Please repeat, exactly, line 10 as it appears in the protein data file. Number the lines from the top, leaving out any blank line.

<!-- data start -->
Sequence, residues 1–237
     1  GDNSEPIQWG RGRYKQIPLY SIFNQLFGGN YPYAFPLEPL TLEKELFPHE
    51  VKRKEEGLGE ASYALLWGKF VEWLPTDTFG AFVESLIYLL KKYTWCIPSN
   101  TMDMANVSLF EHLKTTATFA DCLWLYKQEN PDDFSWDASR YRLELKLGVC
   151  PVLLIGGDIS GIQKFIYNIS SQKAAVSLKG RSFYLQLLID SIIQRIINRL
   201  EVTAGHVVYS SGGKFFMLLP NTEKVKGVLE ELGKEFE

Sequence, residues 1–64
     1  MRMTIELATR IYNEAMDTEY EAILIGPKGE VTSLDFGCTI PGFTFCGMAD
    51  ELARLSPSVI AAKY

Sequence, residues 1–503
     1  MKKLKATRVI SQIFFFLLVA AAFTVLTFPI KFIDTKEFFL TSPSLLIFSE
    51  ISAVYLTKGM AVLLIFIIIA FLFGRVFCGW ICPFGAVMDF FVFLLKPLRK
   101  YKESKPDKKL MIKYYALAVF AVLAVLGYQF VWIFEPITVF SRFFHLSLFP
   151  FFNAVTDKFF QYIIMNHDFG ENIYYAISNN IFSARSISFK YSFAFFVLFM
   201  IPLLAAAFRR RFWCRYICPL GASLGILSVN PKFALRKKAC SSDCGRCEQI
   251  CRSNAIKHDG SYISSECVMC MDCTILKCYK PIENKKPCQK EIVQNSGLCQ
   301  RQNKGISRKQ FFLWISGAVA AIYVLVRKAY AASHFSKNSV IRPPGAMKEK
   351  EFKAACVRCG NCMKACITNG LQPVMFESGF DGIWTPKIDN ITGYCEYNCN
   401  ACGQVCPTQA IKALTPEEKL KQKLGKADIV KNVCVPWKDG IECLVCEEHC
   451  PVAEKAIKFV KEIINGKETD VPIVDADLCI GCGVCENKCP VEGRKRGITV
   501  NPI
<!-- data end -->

Sequence, residues 1–503